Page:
Wisdom – Only the leading edge and highly capitalized firms are going in this direction. Back in September, we talked about how much AI is growing as a technology and as an industry. It’s mostly research, and gold mining prospecting. Some AI is working great. However be ready to throw away the architecture to come, especially with the confluence of quantum computing coming!
This presents a few interesting conundrums for companies and organizations in the 21st Century. So many changes (or to be more accurate, growing) every two years. Consequently, we constantly adjust and update our practices and technology to properly parse and use data. We also have to face the reality that even the best supercomputers lack the capability to store all this data. The biggest of which is – to organize your groups differently to manage these ‘portfolios’.
This Thinking Provides Us Portfolio Groups of Data Architectures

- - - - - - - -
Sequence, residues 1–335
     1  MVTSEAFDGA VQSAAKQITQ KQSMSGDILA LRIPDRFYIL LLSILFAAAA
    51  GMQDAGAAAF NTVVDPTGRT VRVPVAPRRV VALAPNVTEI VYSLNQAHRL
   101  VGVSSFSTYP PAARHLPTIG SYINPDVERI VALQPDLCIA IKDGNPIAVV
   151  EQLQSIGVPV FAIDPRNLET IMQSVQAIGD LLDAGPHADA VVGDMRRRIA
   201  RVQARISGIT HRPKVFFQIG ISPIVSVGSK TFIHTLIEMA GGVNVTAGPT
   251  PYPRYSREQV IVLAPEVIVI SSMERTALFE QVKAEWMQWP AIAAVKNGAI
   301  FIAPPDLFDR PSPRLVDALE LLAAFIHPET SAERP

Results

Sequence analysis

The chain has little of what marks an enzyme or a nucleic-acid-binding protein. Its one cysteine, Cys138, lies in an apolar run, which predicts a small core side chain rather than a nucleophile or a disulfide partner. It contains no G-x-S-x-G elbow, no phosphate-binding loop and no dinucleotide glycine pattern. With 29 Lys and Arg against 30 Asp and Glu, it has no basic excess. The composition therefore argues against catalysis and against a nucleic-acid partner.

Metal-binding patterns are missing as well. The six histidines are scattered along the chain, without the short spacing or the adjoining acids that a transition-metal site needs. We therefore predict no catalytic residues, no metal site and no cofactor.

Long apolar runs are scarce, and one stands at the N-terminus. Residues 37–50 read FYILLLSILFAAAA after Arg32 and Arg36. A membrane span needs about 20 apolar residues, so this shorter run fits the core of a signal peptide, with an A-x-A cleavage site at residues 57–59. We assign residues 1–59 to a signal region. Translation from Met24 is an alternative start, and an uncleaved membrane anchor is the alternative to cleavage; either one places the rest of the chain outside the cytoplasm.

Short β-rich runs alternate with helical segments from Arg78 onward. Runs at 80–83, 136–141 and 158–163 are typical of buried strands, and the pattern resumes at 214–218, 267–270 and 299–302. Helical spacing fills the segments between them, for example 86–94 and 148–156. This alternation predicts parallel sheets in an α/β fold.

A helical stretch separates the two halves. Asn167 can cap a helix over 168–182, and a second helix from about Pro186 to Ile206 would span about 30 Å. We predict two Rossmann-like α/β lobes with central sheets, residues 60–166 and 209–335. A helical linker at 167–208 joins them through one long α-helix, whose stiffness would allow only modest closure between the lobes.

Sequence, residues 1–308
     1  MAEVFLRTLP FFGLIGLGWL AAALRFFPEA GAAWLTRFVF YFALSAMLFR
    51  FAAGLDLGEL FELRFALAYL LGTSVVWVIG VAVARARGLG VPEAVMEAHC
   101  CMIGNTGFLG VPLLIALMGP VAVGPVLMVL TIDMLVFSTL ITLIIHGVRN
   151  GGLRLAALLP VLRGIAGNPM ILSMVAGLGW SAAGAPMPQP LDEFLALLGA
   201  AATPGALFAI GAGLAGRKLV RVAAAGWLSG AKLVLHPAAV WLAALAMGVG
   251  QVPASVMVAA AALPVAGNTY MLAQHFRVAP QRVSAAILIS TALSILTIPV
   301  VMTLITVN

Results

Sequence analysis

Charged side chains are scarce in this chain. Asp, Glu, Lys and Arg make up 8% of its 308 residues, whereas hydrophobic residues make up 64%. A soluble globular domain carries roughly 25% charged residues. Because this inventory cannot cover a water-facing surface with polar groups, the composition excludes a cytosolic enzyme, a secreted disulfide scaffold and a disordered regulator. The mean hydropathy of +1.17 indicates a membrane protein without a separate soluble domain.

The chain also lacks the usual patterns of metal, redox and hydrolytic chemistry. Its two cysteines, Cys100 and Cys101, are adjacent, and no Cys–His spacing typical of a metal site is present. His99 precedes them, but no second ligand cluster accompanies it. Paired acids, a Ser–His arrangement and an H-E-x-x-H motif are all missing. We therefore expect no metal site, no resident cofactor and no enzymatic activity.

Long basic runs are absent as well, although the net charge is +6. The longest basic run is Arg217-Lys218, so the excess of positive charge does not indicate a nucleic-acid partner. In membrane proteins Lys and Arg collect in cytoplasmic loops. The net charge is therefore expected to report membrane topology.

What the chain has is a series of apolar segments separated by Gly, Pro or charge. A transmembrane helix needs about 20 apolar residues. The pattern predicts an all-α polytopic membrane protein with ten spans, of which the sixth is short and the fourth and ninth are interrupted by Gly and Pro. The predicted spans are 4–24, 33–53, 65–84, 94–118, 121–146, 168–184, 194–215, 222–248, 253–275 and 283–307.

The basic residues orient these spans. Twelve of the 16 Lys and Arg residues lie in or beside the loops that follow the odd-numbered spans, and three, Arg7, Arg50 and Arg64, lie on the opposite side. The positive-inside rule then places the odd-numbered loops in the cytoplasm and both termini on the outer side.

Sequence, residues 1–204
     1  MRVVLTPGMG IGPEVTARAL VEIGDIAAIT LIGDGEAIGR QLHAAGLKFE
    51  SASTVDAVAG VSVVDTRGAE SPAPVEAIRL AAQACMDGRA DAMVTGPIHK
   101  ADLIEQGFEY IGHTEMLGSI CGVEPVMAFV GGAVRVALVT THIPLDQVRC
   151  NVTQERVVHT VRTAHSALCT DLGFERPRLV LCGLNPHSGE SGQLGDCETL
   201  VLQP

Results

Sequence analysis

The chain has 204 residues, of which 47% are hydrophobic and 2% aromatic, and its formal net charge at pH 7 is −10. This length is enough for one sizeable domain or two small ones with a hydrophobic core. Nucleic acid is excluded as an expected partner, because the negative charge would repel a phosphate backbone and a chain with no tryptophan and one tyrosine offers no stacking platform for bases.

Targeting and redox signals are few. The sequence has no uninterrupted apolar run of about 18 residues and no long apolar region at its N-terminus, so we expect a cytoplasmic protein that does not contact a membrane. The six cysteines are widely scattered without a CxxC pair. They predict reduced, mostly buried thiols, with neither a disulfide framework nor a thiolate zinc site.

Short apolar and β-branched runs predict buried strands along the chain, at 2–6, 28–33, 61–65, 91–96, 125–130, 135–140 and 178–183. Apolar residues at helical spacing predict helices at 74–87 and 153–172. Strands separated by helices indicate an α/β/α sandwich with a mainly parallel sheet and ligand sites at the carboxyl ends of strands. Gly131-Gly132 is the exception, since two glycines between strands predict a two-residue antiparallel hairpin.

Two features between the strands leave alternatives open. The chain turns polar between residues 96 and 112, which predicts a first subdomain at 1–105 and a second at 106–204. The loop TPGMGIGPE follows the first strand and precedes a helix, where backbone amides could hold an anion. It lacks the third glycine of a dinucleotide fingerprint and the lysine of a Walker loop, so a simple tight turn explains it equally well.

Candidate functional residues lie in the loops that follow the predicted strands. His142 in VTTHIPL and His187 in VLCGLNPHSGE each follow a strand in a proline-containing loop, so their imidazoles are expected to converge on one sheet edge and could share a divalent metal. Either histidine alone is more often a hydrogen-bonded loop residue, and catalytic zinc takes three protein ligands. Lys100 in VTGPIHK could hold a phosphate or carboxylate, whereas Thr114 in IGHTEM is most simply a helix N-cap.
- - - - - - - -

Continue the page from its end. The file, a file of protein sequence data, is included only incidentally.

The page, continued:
Using these or similar portfolio management constructs – much like how IT Services uses TBM – helps in handling disruption as generally speaking, the portfolios create a level of disruption isolation between the solution groups. For example, a new tool in the data portfolio can isolate its changes from knowledge. Consequently adaptation is allowed to be more predictive, and planned out to handle this rapid change. This means that the groups can plan out its architectures, research, capital, and coordinate governance even separately. We should note this is also ‘lazily speaking’, as some tools do cut across multiple domains. So for a semblance of enterprise architecture, governance, and tied to mission decisions, investment percentage breakdown is key.